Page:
Utah HSers Get Some 7s In
Utah HSers Get Some 7s In
While rugby has been shut down through much of the country, Utah Youth Rugby was able to run a series of modified 7s games for high school teams during July.
Many of the well-known teams within Utah played, both boys and girls. United, Herriman, West Valley, East HS, Wasatch, Copper Hills, Genesis, Kearns, Olympus, and Brighton, to name just a few, were involved.
Teams were divided into groups and played a small number of games each day within their group. The games were full tackle, but there were no rucks, mauls, or scrums. Restarts were quick-taps, and after a tackle, a player just laid the ball back and play continued.
Why Could They Play?
The State of Utah has allowed contact sports in most of the Utah, and various counties allowed play with some requirements that needed to be followed by sports organizers. Utah Youth Rugby followed those protocols, and in keeping with the USA Rugby Return to Play Guidelines saw they had reached Stage 4. Stage 4 allowed contests with limited contact and uncontested scrums, rucks, and mails (UYR just eliminated them altogether), and so the games proceeded within those parameters. (At Stage 4, the USA Rugby insurance kicks in, also.)
The games were played in Utah County, which is south of Salt Lake City and incorporates Provo, Orem, and Alpine. That was the location because Utah County was open for sports competition while Salt Lake County, which includes Salt Lake City, was not.
The games were scored but there wasn't a big trophy after each event. It was more a chance to give young players a chance to take the field. As a result, teams were allowed to loan out players, and some merged teams participated just to get the games in.
"It was good, especially for seniors who missed out on spring 15s," said Colin Puriri, who coaches the United boys and the United girls. Like a lot of players, Puriri said "I've been watching the Super Rugby from New Zealand and I miss the excitement of not only coaching but watching them play, and even practicing."
It's fair to say that Utah was not hard hit by the COVID-19 pandemic. There have been 39,714 confirmed cases, with almost half of those in Salt Lake County, and just over 300 deaths, with Salt Lake County account for about 56% of those. Utah ranks in the bottom half of US states in confirmed cases per 1 Million residents, and the state's fatility rate with COVID-19 is the lowest in the nation.
The no rucks/mauls/scrums was a rule adaptation to limit COVID-19 exposure, and organizers took other measures as well.
The groups checked in and played one at a time. So group A would show up, play their games, and leave, and then Group B would show up, play their games, and leave.
All players and coaches were screened with a temperature check and questions regarding exposure on check-in.
"We achieved the objective," said Utah Youth Rugby President Owen Power. "We got some rugby going. It was a bit of a learning experience for us, such as with coming to grips with the check-in process."
It didn't take long to train those checking in the players, though, and Power said he expects that kind of check-in to be standard operating procedure for some time to come.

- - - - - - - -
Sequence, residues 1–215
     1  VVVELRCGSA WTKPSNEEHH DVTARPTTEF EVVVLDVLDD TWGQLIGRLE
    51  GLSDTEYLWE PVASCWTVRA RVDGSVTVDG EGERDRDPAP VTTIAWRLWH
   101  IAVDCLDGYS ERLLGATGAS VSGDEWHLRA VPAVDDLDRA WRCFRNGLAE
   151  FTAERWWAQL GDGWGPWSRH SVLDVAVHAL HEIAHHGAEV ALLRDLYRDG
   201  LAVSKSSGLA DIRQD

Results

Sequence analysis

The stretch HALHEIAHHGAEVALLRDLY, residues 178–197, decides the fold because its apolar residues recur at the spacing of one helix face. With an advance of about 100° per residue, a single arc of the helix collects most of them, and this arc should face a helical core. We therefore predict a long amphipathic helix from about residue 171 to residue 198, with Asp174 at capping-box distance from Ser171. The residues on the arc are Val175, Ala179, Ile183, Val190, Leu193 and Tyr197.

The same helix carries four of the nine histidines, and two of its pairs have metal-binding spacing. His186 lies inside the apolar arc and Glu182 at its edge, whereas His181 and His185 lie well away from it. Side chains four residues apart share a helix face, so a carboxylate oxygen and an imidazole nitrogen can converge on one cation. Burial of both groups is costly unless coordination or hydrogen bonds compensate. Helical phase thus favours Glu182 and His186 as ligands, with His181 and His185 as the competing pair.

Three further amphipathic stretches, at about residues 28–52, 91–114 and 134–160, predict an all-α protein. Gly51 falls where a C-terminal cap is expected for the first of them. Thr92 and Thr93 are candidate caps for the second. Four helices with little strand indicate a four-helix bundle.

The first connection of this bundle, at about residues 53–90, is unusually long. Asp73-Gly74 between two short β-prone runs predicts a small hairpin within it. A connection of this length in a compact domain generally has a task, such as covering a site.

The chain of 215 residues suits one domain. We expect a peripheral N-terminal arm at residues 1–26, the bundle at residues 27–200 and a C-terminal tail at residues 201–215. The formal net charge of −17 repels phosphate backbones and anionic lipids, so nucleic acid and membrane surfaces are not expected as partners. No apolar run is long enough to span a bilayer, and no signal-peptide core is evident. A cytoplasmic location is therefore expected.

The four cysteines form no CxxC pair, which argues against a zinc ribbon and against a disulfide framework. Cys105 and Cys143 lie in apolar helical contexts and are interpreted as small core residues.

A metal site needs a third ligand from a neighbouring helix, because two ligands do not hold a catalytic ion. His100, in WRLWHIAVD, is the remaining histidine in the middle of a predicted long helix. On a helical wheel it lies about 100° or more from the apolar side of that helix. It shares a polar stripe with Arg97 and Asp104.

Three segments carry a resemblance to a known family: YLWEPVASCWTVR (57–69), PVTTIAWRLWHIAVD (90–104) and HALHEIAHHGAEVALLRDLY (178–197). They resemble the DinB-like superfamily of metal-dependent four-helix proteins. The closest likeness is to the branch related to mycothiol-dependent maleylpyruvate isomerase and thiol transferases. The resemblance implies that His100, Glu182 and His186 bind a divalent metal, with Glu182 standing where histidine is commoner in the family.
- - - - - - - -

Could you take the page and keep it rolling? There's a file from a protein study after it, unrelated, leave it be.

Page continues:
Coaches wore masks, and UYR tried to keep out spectators, but found that was very difficult to do. They did manage to keep social distancing among the families that came to watch, but Power said that anyone looking into such an event would be better off with a fenced field that affords some access control.
During the games, every time the ball went dead it was replaced, with the old ball getting a full sanitizer treatment and left to sit for a while, and a new, sanitized ball put into play. This, said Power, required a lot of sanitizer and some attention to detail.
UYR also paid attention to what was happening in the community. If players were exposed to a risky COVID situation (say a family gathering where several people turned out to be COVID positive), then the players wouldn't play, and sometimes the teams wouldn't play. UYR even canceled two of the competition weekends to mitigate risk.
As far as the rugby goes, it was played with a ton of enthusiasm, and as the summer wore on, players realized that the rules changed encourage avoiding contact and looking for space.
This forced some very good teams to change their tactics. The West Valley Warriors have always liked their contact, but they found that they had to adjust their game plan a little. United have always been good at poaching the ball in the ruck, but with no rucks, had to be more patient on defense.
Meanwhile, some teams with smaller players found they could hang with the bigger teams.
The hope remains that there will be HS 7s in Utah this fall. Power said that's the expectation, but the big day is August 7, because that's when the State of Utah will look at the various counties and decide whether to change their status. Currently 10 counties are in Green status (New Normal), and 17 are in Yellow (Low-Risk). But three counties remain in Moderate Risk (Orange) including Salt Lake City. Realistically the HS league needs Salt Lake City to be in Yellow.